The Disappearance of Emile Zola

by Michael Rosen

Well, I haven’t finished reading this book, but have stalled somewhat and started reading other things.  So I think I had better review it anyway.

I bought this when it caught me eye in Blandford Books in Broadway – a nice little bookshop that I pop into on my frequent visits to Broadway in the Cotswolds (about 20 minutes from my home).  The bookseller reduced the price of the hardback, as the book was about to appear in paperback.  How could I refuse?

I am not sorry that I bought this book, despite struggling to finish it.  Rosen’s style is engaging, his comments affectionate and entertaining, and it is an aspect of Zola’s life that I had been completely ignorant about.  But there just doesn’t seem to be enough material in this brief episode in Zola’s life to warrant a whole book.  Much of the narrative reads like a list of the contents of letters to and from the great writer, as well as excerpts from diaries, in strict chronological order.  “On 16 February ….  On 18 February ….”.  Which, of course, reflects Rosen’s sources.  But he doesn’t seem to build on the material or even reflect on it very much.  Having recently read Claire Tomalin’s biography of a near-contemporary of Zola’s, Thomas Hardy, I felt that the Zola coming out of these pages is much less accessible than the Hardy portrayed in Tomalin’s book.  Of course, that was a whole life story (of a long life) whereas this book just depicts one year.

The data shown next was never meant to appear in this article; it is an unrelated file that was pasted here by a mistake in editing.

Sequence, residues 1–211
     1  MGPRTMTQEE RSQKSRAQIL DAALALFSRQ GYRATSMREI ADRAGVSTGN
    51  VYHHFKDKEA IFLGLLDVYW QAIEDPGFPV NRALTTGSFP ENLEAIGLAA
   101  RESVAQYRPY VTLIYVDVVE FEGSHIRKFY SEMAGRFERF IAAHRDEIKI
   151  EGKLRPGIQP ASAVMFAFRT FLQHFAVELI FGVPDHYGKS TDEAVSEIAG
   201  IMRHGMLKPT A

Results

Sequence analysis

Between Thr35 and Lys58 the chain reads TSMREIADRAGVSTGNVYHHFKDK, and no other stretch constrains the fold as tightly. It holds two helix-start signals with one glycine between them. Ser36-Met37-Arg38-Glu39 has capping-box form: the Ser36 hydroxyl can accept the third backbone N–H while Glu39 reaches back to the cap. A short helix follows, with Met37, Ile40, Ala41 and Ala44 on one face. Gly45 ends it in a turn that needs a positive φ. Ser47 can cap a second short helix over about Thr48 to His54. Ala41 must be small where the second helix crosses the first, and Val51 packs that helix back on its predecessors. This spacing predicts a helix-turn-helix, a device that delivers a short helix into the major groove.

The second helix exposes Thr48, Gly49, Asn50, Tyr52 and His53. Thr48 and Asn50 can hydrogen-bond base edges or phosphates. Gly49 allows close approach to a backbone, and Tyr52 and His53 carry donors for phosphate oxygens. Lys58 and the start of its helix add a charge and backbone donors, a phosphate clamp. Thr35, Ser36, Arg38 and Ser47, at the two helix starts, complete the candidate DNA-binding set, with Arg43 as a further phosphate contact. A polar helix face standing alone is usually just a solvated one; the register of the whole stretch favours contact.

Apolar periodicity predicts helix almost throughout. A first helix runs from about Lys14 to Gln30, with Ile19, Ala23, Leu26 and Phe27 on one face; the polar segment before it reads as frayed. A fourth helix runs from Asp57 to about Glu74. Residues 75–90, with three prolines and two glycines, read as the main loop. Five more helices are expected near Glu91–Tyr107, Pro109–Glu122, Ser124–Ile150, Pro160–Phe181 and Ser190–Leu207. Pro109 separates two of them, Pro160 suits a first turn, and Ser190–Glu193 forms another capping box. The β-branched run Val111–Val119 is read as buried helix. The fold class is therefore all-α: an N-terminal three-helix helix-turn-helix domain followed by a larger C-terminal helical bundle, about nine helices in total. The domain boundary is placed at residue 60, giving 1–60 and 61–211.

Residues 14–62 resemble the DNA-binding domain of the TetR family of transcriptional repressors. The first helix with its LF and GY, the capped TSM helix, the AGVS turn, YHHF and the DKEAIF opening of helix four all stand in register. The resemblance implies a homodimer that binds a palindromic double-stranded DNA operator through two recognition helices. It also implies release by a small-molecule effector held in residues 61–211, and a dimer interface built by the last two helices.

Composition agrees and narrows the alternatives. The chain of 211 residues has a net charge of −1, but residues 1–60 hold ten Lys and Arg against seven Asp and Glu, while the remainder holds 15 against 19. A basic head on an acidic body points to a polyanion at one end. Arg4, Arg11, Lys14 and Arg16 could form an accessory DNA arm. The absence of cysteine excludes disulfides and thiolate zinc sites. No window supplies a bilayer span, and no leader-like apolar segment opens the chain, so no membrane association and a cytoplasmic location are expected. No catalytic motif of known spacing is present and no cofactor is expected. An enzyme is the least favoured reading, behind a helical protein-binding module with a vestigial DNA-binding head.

I have read only one of Zola’s works, Germinal, which I studied for A level.  I was also aware of Zola’s passionate involvement in the Dreyfus case.  Of the consequences – Zola’s decision to leave France after being convicted of libel – I had been completely ignorant, as I was of the fact that he chose to live his ‘exile’ in Britain.  Germinal left a lasting impression, but I suspect that this mini-biography will not.

Addendum – 8 September 2017

Well, I have finished the book and I have to admit, it gets better.  The last few chapters, and the postscript, made for fascinating reading, as Rosen examines Zola’s reception in Britain and the fallout from the Dreyfus case.  Shockingly, he has never yet been found innocent by a military court, though he was pardoned by the French president in December 1899.  Rosen convincingly makes the case that the Dreyfus affair has influenced the course of anti-semitism through the 20th century.  Zola’s response to it must also have influenced the engagement of other artists with current affairs in the succeeding years.

And finally, some 45 years after I first learned of it in a history lesson, I have read the text of the famous Zola article J’accuse, given in English translation as an Appendix to this book.  It is powerful and deliberately provocative, and fills me with a much greater admiration for Zola.

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